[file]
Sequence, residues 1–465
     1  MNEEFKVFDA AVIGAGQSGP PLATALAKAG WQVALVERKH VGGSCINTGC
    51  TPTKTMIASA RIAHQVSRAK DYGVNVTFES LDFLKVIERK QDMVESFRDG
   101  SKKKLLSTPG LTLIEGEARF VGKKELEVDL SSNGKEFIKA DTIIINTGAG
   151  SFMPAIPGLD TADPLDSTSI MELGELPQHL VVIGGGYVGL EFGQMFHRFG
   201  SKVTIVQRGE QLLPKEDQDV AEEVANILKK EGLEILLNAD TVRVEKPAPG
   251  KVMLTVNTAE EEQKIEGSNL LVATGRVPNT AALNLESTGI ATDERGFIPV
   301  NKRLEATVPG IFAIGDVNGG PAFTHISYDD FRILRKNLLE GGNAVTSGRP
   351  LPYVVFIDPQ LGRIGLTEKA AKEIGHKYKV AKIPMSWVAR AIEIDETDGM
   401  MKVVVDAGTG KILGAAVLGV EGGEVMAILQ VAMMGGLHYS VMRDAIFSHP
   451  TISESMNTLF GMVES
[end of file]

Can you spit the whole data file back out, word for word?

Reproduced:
Sequence, residues 1–465
     1  MNEEFKVFDA AVIGAGQSGP PLATALAKAG WQVALVERKH VGGSCINTGC
    51  TPTKTMIASA RIAHQVSRAK DYGVNVTFES LDFLKVIERK QDMVESFRDG
   101  SKKKLLSTPG LTLIEGEARF VGKKELEVDL SSNGKEFIKA DTIIINTGAG
   151  SFMPAIPGLD TADPLDSTSI MELGELPQHL VVIGGGYVGL EFGQMFHRFG
   201  SKVTIVQRGE QLLPKEDQDV AEEVANILKK EGLEILLNAD TVRVEKPAPG
   251  KVMLTVNTAE EEQKIEGSNL LVATGRVPNT AALNLESTGI ATDERGFIPV
   301  NKRLEATVPG IFAIGDVNGG PAFTHISYDD FRILRKNLLE GGNAVTSGRP
   351  LPYVVFIDPQ LGRIGLTEKA AKEIGHKYKV AKIPMSWVAR AIEIDETDGM
   401  MKVVVDAGTG KILGAAVLGV EGGEVMAILQ VAMMGGLHYS VMRDAIFSHP
   451  TISESMNTLF GMVES